One of the highlights of the theatrical year, the return of Mark Rylance in Jez Butterworth’s acclaimed play Jerusalem, has opened at the Apollo Theatre in London.
Also in the cast are Kemi Awoderu (Pea), Alan David (The Professor), Shane David-Joseph (Mr Parsons), Gerard Horan (Wesley), Ed Kear (Davey), Charlotte O’Leary (Tanya), Indra Ové (Dawn), Jack Riddiford (Lee), Barry Sloane (Troy Whitworth), Niky Wardley (Linda Fawcett) and Eleanor Worthington-Cox (Phaedra). Kobe Champion-Norville, Jesse Manzi and Matteo Philbert share the role of Marky and understudies are Abigail Green, Amanda Gordon, Callum Sheridan-Lee, Greg Snowden and Anthony Taylor.
The original creative team have returned too, including director Ian Rickson, designer ULTZ, lighting designer Mimi Jordan Sherin, composer Stephen Warbeck, sound designer Ian Dickinson for Autograph and casting director Amy Ball CDG.
The return of Jerusalem further anchors Mark Rylance as one of, if not the, greatest living British actor, a theory backed up by plenty of the critics. Read reviews from the Times, Telegraph, Guardian, TimeOut and more.
Jerusalem plays the Apollo Theatre until 7 August 2022.
Jerusalem is sadly sold out for its run at the Apollo Theatre, but read more about Jerusalem here.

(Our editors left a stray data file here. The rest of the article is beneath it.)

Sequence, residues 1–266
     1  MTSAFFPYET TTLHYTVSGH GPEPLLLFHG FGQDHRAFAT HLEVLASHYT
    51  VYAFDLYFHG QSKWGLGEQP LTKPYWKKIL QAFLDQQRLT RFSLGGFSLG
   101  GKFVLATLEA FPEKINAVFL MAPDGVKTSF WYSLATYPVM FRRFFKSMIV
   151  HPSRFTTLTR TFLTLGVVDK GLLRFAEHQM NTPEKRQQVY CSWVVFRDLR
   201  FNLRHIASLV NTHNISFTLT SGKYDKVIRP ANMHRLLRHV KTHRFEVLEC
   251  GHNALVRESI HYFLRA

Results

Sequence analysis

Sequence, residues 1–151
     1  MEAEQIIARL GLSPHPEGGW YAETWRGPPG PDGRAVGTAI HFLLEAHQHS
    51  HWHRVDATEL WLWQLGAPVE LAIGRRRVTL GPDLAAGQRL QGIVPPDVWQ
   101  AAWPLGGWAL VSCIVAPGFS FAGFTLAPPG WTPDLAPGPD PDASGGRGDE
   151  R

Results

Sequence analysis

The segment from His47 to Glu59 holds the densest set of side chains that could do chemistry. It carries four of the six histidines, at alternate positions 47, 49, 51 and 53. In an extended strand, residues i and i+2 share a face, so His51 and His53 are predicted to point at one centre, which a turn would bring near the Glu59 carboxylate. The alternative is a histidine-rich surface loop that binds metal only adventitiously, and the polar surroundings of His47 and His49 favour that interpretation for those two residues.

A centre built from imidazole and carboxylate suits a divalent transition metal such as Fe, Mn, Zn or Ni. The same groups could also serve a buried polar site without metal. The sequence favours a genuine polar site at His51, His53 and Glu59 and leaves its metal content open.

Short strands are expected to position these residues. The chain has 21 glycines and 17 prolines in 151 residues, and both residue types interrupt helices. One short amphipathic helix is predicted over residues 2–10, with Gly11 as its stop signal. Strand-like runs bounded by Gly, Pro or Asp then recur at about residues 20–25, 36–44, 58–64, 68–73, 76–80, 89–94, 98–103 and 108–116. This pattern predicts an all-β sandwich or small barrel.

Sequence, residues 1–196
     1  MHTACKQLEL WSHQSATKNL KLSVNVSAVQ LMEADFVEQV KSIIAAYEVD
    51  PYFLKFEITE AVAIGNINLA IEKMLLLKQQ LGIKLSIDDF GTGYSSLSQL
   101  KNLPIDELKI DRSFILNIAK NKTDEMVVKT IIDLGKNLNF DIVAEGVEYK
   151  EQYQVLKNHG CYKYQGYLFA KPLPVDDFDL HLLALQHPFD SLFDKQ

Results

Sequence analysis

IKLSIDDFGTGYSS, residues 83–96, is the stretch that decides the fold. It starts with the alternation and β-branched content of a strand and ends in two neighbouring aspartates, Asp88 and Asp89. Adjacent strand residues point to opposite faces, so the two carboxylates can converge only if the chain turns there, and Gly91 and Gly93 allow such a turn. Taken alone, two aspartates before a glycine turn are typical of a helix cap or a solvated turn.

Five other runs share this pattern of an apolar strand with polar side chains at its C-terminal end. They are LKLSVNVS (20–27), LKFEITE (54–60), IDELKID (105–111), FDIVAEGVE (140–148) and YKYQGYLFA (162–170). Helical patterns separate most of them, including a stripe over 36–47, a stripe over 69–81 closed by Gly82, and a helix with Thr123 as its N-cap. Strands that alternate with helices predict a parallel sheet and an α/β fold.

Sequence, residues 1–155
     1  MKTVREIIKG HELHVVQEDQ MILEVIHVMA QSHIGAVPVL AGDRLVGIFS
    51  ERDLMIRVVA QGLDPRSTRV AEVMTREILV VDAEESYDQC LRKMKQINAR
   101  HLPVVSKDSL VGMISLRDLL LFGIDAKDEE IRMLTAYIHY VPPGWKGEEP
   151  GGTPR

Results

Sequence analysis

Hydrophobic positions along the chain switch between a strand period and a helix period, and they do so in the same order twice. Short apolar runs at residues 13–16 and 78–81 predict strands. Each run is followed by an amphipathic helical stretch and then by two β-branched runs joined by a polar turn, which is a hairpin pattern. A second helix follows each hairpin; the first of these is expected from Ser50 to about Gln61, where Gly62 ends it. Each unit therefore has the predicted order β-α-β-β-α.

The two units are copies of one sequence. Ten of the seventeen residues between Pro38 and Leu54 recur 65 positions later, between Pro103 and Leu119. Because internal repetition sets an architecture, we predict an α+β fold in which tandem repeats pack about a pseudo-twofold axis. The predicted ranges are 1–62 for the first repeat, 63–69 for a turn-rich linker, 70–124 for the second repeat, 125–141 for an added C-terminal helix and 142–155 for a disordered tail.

"Mark Rylance’s riveting return as ‘Rooster’ Byron"
"Problematic gags limit the power of Jez Butterworth’s layered drama about myths and Englishness but the lead performance still astonishes"
"Its language predates #MeToo and Black Lives Matter – and it shows. There is a limp joke about dressing up in a burqa, another about Nigerian traffic wardens. There are references to women as “slappers”, “bitches” and fat wives. Byron boasts of his conquests and talks of pinching bums, while Ginger states: “I don’t actually have GCSE maths but I do have a great big hairy cock and balls.” Bizarrely, this gets some laughs on opening night."
"The play’s ideas around myth and identity are lyrical but do not fully cohere. Ultz’s astonishing set opens up to bacchanalian detritus outside Rooster’s caravan – empty bottles, a mucky sofa, a disco ball tied to a tree and even live chickens. But it is uncomfortable to see the St George’s Cross emblazoned on the curtain at the start and then a flag hung around the back of the caravan. That flag has, since Jerusalem’s first staging in 2009, continued to be associated with the far right, and the play’s bigger dewy-eyed ideas around Englishness carry a queasy proximity to the romanticised narrative that has been co-opted by the right.
"But any disagreement around the treatment of its themes cannot take away from its drama and the soaring central performance. Is it the greatest play of our times? Not in my view. But Rylance’s Rooster is surely the greatest performance of the century."
"Mark Rylance lets the old magic flow once again as the stage performance of our lifetimes returns"
"I doubt the legacy of ‘Jerusalem’ the play is really going to be settled until Mark Rylance leaves it, because the power of Rooster Byron as a character is so hard to separate from his performance (there have been smaller productions around the world, but nothing approaching the scale of this one). Which is just fine: all the endless discussion of ‘Jerusalem’ feels a bit irrelevant when you’re confronted by the elemental reality of the thing itself. Leave it to future generations to decide where ‘Jerusalem’ goes on a list. For a few months, it has returned to our dark, satanic mills. Come, you giants!"
"Mark Rylance mesmerises in one of the best plays you will ever see"